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The Vault at PfaffsAn Archive of Art and Literature by the Bohemians of Antebellum New York
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							89.
  I wonder where Lotty is? Has she ac-
companied Alleyne to England, or merely gone to
another city?      The name doesn t appear on the
bills at Wallacks now.
  27.  Monday.  Letters from England. From my
mother, Hannah and Boutcher.  The first contains
sombre news.    My father has lain sick for fourteen
days of a gastric fever, which seized him while at
Milton, a sea-side resort to which he, my mother
and sisters had gone.      They feared that each day
might prove his last.    But the strength of his constitu-
tion overcame the disease   yet he has not quitted his
chamber for seven weeks.      His cough and tendency to
spitting   both of which left him during the continuance
of the fever   have returned, and he still complains
of a severe pain in the side.     He is thin and emaciated.
 God knows what the winter will bring forth,  adds
my mother.
  All this sounds very solemn.  Shall I never see
my father again?      God forgive me for having thought
indifferently   unkindly-of him at times!   God be merci-
ful to all of us!  We need charity and merciful con-
struction, every hour of our lives!     He is my father,
  poor od man, God pity him!   and if I hear
that he s gone   I shall feel sad, sorry, self
reproachful that I hadn t loved him more   
  I think now of his face, and wish, and wish 
I could tell him how I would have wished to love him
Page
Title:Thomas Butler Gunn Diaries, Volume Eight: page ninety-six
Description:Describes receiving a letter from his mother about his father's illness.
Date:1856-10-26
Subject:Bennett, Hannah; Boutcher, William; Granville, Arthur (Alleyne); Gunn, Naomi; Gunn, Rosa Anna; Gunn, Samuel; Gunn, Samuel, Mrs.; Gunn, Thomas Butler; Kidder, Charlotte (Whytal, Granville)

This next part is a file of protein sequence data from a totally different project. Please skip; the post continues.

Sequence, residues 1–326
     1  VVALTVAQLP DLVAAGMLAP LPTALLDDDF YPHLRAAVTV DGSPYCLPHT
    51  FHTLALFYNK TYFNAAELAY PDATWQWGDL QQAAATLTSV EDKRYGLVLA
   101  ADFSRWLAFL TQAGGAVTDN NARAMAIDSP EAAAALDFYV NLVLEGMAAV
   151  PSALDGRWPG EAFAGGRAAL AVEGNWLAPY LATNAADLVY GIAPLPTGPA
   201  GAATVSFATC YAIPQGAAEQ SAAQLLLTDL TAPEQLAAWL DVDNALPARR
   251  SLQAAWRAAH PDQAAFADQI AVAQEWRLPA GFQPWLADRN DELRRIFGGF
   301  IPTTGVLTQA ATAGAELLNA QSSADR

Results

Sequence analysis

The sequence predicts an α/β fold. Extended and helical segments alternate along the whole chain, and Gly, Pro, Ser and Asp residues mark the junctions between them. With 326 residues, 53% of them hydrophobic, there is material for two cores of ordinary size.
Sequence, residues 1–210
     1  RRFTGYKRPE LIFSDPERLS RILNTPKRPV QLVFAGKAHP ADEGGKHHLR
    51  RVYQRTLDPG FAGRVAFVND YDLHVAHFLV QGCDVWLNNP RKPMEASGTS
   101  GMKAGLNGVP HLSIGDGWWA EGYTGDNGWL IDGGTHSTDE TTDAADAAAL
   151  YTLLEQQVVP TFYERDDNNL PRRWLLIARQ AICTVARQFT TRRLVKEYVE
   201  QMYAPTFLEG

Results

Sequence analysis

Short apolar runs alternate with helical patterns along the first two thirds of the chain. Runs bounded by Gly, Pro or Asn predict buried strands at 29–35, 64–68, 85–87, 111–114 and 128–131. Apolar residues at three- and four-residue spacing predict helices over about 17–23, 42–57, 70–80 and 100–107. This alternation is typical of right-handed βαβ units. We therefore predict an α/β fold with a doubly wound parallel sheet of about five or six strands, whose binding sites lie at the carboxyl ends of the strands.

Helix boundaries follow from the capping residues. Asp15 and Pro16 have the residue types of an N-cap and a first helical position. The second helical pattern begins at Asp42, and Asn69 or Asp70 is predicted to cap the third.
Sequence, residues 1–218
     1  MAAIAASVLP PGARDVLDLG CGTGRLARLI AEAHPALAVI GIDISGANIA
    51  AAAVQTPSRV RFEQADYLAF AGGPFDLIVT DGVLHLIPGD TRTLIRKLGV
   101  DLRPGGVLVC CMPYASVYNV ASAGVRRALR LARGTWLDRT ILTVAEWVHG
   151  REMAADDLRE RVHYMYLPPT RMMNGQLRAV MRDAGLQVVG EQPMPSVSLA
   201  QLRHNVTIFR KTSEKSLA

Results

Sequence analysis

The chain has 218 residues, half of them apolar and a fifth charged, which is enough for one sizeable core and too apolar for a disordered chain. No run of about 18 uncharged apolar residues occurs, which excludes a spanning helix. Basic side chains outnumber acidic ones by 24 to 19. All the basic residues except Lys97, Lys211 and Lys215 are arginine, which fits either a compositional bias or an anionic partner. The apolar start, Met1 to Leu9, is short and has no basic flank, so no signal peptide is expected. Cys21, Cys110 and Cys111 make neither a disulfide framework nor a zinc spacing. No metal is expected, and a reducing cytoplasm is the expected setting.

Coverage (City/State):[New York, New York]
Scan Date:2011-02-02

 

Volume
Title:Thomas Butler Gunn Diaries, Volume Eight
Description:Includes descriptions of the process of publishing his book, ''The Physiology of New-York Boarding Houses;'' his poor mental state upon returning to New York from England; meeting Walt Whitman; visits with Fanny Fern, James Parton, and Harriet Jacobs' daughter Louisa who is living with them; a visit to the Catskill Mountains with the Edwards family; moving into the boarding house at 132 Bleecker Street; working on the publication ''European'' with Colonel Hugh Forbes; the death of publisher William Levison and his daughter Ellen in his boarding house; visiting the scene of the murder of a dentist to get a sketch of the suspect; visiting Newport, Rhode Island, on assignment to sketch for Frank Leslie; and the death of his brother-in-law, Joseph Greatbatch.
Subject:Boardinghouses; Bohemians; Gunn, Thomas Butler; Journalism; Medical care; Mental illness; Publishers and publishing; Travel; Women
Coverage (City/State):New York, New York; Newport, Rhode Island
Note:Thomas Butler Gunn was born February 15, 1826, in Banbury, England, and came to New York in 1849. During the Civil War he worked as a correspondent for the New York Tribune and the New York Evening Post. He returned to England in 1863, and died in Birmingham in April 1903. The collection includes twenty-one volumes of his diaries, including newspaper clippings, letters, photographs, sketches, and various other items inserted by Gunn. Diary entries date from July 7, 1849, to April 7, 1863, and include his experiences with the New York publishing and literary world, his descriptions of boarding houses, his travels throughout the United States, and his experiences traveling with the Federal army as a Civil War correspondent.
Publisher:Missouri History Museum
Rights:Copyright 2011 Missouri History Museum.
Source:Page images, transcriptions, and metadata of the Thomas Butler Gunn diaries have been provided by the Missouri History Museum.